Yesterday European Council President Donald Tusk announced that if the UK offer on the post-Brexit Irish border is unacceptable to the Republic of Ireland, it will also be unacceptable to the EU.
Speaking at a joint press conference in Dublin with Irish Taoiseach (prime minister) Leo Varadkar, Tusk said, "Before proposing guidelines on transition and future relations to the leaders, I will consult the Taoiseach if the UK offer is sufficient for the Irish Government."
"Let me say very clearly, if the UK offer is unacceptable for Ireland, it will also be unacceptable for the EU. I realize that for some British politicians this may be hard to understand," he continued.
"This is why the key to the UK’s future lies - in some ways - in Dublin, at least as long as Brexit negotiations continue."
Wow. Tusk announces in Dublin that Irish Government gets formal veto over Brexit sufficient progress - he will consult with Varadkar to sign off any move to next phase pic.twitter.com/nMpPqxpiQL— Faisal Islam (@faisalislam) December 1, 2017
Tusk, a former prime minister of Poland, took the British government by surprise with the announcement and even seasoned Irish commentators sounded bemused and delighted by the development, with some wondering what Michael Collins would have made of irony of the Irish deciding the future direction of the UK?
So 100 years on, UK's future to be decided in Dublin - what would Micheal Collins make of that??🤔😄😄 https://t.co/Iys8SqXDGZ— David McWilliams (@davidmcw) December 1, 2017
Meanwhile the latest so-called 'deal' to avoid a hard border collapsed this week after the Democratic Unionist Party (DUP) threatened to withdraw their support for Theresa May's minority government.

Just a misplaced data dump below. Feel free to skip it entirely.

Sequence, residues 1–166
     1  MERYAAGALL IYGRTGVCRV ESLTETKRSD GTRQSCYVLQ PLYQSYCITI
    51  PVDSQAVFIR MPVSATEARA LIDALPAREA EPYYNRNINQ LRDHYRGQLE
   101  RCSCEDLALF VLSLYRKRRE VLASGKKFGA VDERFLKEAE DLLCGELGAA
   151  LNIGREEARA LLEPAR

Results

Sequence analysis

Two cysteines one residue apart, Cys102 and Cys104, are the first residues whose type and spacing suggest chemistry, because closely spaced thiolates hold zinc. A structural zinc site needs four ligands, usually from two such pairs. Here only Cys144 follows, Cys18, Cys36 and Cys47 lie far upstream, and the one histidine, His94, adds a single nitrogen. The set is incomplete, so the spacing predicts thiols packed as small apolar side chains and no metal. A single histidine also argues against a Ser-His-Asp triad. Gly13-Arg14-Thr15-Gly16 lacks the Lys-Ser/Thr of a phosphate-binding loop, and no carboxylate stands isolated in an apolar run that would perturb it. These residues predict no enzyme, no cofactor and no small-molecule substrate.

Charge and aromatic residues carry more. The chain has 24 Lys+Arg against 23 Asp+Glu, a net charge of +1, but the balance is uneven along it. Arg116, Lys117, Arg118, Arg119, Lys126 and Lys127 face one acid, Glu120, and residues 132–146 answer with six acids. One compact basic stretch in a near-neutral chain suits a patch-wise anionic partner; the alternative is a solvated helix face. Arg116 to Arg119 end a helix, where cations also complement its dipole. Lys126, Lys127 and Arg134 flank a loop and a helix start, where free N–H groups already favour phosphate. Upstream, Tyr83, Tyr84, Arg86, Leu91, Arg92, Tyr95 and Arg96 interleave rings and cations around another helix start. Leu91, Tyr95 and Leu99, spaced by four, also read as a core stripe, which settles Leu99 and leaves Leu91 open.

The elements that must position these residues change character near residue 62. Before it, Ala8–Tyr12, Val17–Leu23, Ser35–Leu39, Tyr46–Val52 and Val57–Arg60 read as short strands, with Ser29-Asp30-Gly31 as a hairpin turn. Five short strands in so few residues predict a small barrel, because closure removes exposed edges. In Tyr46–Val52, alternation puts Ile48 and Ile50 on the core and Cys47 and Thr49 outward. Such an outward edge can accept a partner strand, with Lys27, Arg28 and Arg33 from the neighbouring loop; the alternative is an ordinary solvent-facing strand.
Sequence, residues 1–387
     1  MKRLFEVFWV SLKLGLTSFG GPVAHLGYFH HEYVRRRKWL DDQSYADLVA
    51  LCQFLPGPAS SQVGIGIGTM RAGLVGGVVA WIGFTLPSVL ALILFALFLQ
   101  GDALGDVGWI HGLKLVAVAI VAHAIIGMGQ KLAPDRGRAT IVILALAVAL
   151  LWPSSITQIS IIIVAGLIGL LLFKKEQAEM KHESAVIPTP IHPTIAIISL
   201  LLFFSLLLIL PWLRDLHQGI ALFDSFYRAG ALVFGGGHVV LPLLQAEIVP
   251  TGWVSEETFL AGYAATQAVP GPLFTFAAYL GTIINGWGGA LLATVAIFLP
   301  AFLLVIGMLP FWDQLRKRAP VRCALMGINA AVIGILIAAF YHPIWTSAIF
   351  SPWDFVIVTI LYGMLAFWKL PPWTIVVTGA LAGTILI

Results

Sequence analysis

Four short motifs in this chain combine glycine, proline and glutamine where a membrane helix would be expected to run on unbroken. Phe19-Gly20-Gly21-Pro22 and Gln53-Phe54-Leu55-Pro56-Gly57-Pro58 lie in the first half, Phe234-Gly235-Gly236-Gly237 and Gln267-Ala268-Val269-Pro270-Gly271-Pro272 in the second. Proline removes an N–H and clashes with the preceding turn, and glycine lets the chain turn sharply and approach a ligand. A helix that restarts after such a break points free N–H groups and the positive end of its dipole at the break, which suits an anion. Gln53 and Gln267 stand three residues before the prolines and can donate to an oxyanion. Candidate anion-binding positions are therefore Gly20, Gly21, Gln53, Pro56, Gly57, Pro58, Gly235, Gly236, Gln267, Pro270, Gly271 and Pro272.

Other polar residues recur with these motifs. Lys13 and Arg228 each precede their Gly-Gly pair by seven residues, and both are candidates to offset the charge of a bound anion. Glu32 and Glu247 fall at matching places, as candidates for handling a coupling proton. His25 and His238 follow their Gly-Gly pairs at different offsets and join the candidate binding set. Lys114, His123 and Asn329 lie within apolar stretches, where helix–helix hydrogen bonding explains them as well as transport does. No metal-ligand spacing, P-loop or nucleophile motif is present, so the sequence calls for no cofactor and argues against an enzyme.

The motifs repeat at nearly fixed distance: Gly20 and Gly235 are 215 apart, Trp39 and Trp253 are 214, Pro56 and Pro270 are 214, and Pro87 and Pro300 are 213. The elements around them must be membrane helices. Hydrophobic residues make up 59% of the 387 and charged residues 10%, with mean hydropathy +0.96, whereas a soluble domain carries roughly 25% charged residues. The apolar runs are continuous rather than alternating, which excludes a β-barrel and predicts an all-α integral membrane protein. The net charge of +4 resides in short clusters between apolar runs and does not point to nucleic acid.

East Antrim Member of Parliament Sammy Wilson told the press that any attempt to "placate Dublin and the EU" by allowing Northern Ireland to have different customs rules from Britain would jeopardize their party's tentative agreement to prop up the Tory government.
Upping the ante even further DUP leader Arlene Foster said that ministers have a "clear understanding that the DUP will not countenance any arrangement that could lead to a new border being created in the Irish Sea."
However the Republic's new Taniste (deputy prime minister) Simon Coveney countered that Dublin was unwilling to take a "leap into the dark" to allow the move on to the second phase of Brexit negotiations, if they were based on the vague assurances the Irish government have been receiving that the border will be kept open.
On Friday Tusk told the press that he has given British Prime Minister Theresa May a deadline of Monday to make her "final offer" on the Irish border before EU leaders decide whether "sufficient progress" has been made to move the talks on to their future relationship.
Tusk pointedly reiterated there can not be a division between the other EU member states and Ireland. "The EU is fully behind you and your request that there should be no hard border on the island of Ireland after Brexit," he told Varadkar. "The Irish request is the EU’s request."
"The UK started Brexit, and now it is their responsibility to propose a credible commitment to do what is necessary to avoid a hard border," Tusk concluded. Later he Tweeted a famous Irish proverb that states that for real progress to happen all sides must be in broad agreement.
My message from Dublin: Ni neart go cur le cheile. There is no strength without unity. Nie ma siły bez jedności.— Donald Tusk (@donaldtusk) December 1, 2017